By the end of 1975, Cuban troops had routed the apartheid army and prevented their takeover of the country. There is no doubt that had Castro and the Cuban government declined to confront the apartheid regime on the battlefield, the MPLA would have fallen. A South African victory would have solidified apartheid and devastated the decolonization movements across southern Africa.

"Without the Cuban intervention, the South Africans would have seized Luanda before anyone reported that they had crossed the border. The CIA covert operation in Angola would have succeeded," Gleijeses writes. [5]

Diallo and his fellow countrymen in Cuba would not, in the end, join the fight against apartheid. When the Cuban government found out that the African students wished to take part in the military mission, they informed them through the university that they should stay in Cuba.

Even though he had never been to South Africa, Diallo said he understood the injustices black South Africans faced under the apartheid system. "I was aware of that, the humiliation of people telling you that you weren't as good, telling you where you could live and restricting your ability to move around," he said. Ridding Africa of apartheid, what Castro himself called "the most beautiful cause," was worth fighting for. [6]

But Diallo is glad the Cubans made it clear that the students should serve in a civic capacity, rather than a military one. "They told us: 'Your country needs you. We appreciate your offer, but let us handle this. Stay here and finish your studies and then go back and help your own countries,' " Diallo said.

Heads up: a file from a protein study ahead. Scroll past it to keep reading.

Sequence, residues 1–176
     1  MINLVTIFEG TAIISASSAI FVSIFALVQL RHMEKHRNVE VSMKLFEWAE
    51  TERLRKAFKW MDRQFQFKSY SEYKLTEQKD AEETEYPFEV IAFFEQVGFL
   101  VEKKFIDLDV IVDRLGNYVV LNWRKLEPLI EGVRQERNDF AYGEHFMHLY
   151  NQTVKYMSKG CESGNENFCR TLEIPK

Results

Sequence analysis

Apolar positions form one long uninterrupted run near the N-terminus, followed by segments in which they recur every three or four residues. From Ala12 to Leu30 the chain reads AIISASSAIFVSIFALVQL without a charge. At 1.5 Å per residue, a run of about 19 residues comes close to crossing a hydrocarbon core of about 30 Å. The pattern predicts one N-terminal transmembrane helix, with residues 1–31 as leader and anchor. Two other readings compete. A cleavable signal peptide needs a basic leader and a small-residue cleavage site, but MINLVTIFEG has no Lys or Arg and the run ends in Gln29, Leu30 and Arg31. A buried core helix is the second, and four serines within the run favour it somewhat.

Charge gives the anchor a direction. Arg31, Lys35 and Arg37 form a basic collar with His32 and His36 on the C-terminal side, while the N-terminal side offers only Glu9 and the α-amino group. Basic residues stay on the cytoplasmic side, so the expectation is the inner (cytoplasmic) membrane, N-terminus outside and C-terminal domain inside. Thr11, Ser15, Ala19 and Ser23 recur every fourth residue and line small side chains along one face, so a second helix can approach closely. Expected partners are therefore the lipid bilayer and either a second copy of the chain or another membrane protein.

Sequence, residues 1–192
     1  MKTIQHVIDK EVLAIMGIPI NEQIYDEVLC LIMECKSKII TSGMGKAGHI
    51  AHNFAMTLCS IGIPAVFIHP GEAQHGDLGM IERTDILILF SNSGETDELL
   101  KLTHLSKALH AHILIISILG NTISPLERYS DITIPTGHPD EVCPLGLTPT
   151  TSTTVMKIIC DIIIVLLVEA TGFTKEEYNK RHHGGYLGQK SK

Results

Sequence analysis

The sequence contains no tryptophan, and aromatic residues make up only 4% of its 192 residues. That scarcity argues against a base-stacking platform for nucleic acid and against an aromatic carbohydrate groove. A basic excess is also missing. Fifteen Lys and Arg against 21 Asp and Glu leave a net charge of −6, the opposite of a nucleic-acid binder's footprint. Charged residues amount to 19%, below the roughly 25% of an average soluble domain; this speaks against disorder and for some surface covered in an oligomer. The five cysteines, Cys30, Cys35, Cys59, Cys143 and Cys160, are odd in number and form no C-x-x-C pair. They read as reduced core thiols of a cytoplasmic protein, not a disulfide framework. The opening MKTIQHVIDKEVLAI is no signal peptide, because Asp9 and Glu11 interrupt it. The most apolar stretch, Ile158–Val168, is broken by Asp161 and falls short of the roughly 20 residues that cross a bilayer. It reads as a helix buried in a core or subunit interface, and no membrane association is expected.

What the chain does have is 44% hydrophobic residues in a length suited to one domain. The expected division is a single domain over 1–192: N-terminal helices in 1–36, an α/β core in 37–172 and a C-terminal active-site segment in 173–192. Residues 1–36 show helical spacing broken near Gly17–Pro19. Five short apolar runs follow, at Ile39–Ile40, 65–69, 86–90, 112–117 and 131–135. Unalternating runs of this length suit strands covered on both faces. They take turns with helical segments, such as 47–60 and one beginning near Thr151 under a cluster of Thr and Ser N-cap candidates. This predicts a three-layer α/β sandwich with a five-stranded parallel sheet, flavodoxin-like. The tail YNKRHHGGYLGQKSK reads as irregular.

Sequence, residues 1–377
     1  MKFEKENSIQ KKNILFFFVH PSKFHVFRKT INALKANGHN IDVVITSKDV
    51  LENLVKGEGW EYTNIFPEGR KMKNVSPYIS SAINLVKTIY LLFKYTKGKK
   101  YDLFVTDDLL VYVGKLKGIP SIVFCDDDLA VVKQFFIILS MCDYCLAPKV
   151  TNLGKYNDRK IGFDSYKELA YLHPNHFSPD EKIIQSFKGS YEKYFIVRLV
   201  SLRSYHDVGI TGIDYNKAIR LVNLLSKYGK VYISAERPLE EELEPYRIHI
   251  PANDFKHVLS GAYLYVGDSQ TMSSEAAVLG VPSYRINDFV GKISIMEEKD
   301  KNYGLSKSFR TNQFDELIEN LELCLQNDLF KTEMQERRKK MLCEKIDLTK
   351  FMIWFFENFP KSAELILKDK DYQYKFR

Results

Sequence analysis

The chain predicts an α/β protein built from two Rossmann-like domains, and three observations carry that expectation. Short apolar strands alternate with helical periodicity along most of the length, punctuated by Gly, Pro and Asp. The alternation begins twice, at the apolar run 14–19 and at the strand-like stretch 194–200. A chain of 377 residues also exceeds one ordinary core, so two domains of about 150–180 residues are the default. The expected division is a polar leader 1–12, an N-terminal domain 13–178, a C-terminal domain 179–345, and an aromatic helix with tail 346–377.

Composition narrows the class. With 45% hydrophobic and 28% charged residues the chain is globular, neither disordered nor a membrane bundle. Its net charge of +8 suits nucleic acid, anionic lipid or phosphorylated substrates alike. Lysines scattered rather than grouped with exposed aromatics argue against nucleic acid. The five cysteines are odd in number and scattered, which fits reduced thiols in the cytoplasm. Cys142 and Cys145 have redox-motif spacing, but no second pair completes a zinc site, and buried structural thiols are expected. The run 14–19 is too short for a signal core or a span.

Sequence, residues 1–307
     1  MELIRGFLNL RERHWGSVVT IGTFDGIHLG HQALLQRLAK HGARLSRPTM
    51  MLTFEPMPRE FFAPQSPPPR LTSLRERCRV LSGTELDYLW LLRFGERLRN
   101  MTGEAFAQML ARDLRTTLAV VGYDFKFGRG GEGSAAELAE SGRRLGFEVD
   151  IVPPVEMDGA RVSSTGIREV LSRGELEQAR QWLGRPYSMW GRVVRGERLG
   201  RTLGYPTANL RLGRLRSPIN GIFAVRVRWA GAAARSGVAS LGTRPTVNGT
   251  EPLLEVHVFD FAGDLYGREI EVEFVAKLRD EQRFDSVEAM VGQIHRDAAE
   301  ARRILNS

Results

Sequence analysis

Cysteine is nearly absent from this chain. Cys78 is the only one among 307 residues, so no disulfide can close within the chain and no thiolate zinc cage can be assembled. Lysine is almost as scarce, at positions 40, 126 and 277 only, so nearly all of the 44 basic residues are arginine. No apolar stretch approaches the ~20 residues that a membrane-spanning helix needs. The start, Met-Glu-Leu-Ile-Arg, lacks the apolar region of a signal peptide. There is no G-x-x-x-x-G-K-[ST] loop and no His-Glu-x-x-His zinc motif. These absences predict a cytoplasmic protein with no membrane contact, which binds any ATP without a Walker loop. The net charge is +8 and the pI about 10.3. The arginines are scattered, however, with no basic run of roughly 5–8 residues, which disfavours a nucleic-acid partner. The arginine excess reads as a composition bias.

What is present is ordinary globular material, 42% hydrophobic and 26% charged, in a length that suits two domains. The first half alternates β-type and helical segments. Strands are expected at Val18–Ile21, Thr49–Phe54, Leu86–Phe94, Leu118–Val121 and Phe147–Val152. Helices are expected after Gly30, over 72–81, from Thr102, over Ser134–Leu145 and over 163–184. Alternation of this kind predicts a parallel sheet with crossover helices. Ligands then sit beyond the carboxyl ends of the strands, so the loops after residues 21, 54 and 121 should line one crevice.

References

[1] Gleijeses, Piero. Conflicting Missions: Havana, Washington, and Africa, 1959-1976. The University of North Carolina Press, 2002. Kindle edition.

[2] June 27, 1975, NSC Minutes, “Angola” (Document obtained from Gerald Ford Library, NSC Meetings File, Box 2) http://nsarchive.gwu.edu/NSAEBB/NSAEBB67/gleijeses6.pdf (pg. 3-4)

[3] Ibid. (pg. 7)

[4] as quoted in Gleijeses, 2002

[5] Gleijeses, op. cit.

[6] Instructions to the Cuban Delegation for the London Meeting, 'Indicaciones concretas del Comandante en Jefe que guiarán la actuación de la delegación cubana a las conversaciones de Luanda y las negociaciones de Londres (23-4-88)'," April 23, 1988, History and Public Policy Program Digital Archive, Archive of the Cuban Armed Forces. Obtained and contributed to CWIHP by Piero Gleijeses and included in CWIHP e-Dossier No. 44. http://digitalarchive.wilsoncenter.org/document/118134 (pg. 5)